Bottoms Up: “On the Rocks” Returns This Weekend

Competition was stiff as a shot of bourbon

Ever wonder what would happen if "Top Chef" met the top shelf?

Well, wonder no more.

This Saturday NBC is serving up season three of its hit reality show "On the Rocks," pitting eight of the country's most skilled mixologists against one another to find out who makes the meanest cocktail. The winner, to be announced online on Nov. 20,  will walk away with $100,000 and the title of Top Bartender. The show airs over the next four weekends after "Saturday Night Live" in most of NBC's markets.

"Season two was a huge success," Morgan Hertzan, the general manager for LX.TV, which produces the show for NBC, said in a statement. "Fans loved watching the search for America's Top Bartender."

NBC hopes to build on that success and is looking to the talents of some superstar pourers to help them do it. The bartenders competing on "On the Rocks" this season include Debbie Peek of Chicago's The Bristol, Milos Zica from New York's Employees Only, Jason Bran, who shakes and stirs at Roger Room in Los Angeles, and Kimberly Patton-Bragg of Dominique's on Magazine in New Orleans.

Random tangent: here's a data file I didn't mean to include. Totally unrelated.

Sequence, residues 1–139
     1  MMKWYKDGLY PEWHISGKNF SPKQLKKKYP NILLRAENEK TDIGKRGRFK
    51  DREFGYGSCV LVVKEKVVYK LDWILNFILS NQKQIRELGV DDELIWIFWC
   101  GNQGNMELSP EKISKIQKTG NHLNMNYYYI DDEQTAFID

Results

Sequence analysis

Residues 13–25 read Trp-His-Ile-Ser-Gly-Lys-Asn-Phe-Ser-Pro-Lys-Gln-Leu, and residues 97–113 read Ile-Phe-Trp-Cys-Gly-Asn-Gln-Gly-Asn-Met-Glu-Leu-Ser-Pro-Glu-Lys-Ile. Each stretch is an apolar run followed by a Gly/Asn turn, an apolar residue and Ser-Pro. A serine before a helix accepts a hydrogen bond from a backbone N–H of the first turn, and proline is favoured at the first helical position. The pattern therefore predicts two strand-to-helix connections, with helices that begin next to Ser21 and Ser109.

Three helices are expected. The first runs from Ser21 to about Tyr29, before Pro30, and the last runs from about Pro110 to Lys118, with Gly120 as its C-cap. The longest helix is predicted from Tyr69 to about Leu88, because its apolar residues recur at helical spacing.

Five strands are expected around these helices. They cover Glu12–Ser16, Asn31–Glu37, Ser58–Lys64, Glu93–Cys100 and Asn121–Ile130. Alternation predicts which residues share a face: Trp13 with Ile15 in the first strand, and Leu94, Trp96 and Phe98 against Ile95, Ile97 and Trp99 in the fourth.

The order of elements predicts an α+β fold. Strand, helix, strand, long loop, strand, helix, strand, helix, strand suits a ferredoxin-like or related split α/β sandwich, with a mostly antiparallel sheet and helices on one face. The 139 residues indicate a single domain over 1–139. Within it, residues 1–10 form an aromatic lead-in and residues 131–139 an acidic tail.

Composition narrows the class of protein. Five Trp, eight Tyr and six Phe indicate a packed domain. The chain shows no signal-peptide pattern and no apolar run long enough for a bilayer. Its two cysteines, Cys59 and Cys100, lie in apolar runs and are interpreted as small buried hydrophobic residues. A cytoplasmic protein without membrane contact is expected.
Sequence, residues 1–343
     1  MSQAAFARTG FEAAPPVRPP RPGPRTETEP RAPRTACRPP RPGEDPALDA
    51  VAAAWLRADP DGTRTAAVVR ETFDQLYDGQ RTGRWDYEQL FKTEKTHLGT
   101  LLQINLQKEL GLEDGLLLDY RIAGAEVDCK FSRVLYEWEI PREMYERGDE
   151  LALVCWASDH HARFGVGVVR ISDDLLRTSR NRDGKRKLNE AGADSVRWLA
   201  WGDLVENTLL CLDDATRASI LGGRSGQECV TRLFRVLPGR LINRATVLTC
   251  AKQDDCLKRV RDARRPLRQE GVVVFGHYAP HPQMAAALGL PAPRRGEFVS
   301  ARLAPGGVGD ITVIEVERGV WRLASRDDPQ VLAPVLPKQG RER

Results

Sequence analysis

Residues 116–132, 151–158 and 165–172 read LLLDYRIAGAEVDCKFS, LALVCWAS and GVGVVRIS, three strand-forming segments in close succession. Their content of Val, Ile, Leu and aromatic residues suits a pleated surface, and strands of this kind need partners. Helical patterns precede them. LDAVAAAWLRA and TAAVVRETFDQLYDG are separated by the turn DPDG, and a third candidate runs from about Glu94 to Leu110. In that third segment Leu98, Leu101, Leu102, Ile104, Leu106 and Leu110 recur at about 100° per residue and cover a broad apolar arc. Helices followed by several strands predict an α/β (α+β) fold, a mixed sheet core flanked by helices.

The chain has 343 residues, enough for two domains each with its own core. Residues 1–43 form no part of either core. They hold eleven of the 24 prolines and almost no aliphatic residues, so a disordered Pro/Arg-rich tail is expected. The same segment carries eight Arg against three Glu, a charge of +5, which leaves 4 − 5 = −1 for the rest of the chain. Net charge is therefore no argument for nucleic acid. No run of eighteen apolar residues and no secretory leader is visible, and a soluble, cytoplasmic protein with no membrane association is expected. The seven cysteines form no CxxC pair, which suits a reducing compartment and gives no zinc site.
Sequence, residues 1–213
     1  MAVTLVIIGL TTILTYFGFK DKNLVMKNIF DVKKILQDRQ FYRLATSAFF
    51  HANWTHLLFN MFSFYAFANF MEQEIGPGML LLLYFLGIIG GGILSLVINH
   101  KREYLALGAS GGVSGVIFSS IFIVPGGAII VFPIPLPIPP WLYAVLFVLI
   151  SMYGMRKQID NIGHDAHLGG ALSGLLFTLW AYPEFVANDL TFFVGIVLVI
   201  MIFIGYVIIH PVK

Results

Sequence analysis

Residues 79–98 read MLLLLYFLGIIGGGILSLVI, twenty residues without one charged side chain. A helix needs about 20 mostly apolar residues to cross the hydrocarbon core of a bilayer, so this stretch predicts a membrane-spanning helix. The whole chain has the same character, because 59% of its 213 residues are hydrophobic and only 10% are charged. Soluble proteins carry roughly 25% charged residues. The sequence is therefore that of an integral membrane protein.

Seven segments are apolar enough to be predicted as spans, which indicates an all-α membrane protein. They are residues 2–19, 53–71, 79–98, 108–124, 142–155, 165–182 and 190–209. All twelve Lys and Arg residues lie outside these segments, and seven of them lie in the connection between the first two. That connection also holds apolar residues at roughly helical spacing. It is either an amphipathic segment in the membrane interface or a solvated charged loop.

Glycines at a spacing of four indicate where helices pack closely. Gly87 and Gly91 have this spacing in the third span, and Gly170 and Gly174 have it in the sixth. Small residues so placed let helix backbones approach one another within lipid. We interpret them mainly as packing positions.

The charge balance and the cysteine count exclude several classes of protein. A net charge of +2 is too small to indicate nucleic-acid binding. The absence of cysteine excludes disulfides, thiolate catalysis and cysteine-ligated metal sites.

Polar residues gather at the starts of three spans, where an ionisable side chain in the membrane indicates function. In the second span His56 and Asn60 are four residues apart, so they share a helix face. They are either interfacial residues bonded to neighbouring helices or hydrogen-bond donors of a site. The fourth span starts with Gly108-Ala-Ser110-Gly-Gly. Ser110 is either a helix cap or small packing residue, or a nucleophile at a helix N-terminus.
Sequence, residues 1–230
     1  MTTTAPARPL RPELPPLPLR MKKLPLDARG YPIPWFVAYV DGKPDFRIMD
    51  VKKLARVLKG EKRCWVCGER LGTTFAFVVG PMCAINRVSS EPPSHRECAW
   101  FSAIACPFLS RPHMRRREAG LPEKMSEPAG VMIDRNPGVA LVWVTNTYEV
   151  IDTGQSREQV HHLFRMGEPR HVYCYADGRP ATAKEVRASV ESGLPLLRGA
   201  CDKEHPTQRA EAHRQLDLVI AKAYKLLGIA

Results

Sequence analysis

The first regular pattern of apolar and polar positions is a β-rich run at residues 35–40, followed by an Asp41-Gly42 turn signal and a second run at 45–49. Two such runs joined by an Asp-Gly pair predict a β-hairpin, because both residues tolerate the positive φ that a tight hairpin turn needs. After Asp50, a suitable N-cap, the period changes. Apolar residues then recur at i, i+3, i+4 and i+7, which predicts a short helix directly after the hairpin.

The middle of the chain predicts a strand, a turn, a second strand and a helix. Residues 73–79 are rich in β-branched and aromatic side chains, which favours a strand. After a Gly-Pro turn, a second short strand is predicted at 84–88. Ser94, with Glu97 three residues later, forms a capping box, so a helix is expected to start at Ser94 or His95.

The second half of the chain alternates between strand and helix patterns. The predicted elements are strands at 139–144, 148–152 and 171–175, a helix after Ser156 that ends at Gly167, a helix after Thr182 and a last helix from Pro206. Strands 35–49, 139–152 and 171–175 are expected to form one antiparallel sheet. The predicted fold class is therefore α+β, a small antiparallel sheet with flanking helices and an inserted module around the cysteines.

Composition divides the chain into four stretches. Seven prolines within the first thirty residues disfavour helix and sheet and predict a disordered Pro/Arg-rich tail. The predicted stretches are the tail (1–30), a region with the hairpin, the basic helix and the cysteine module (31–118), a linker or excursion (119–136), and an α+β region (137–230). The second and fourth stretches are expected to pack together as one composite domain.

Patton-Bragg, who, ironically, was born in the dry county of Decatur, Ala., says the contestants got on so well she now "has seven new friends." They often met up on the other side of the bar at night after shooting for the day wrapped. But it wasn't always just Old Fashioned fun and games.

"Once I met everyone in LA, I realized these are very serious bartenders and mixologists," the 40-year-old drink-slinger said.  "We weren't dancing for tips or any of that. These weren't club bartenders showing off their pecs."

The competition and the hot TV lights could do a number on one's nerves.

"If you blink and make one simple mistake, that's going to cost you $100,000," Patton said.

Employees Only's Zica also felt some pressure to perform, but has plenty of experience getting through tough times. The 29-year-old native of Serbia moved from Michigan to New York City in 2004 with only $200 in his pocket. That move seems to have given Zica some swagger.

"Being a rock star, you need to own the stage," he said. "The same goes for being a bartender."

The cocktail revolution in America has been going strong for several years now, with more and more bars offering elaborate, well-crafted drinks. The popularity of "Mad Men" has only heightened our collective cocktail passion in recent years.

Given this booze-friendly environment,  the return of "On the Rocks" could make quite a splash. 

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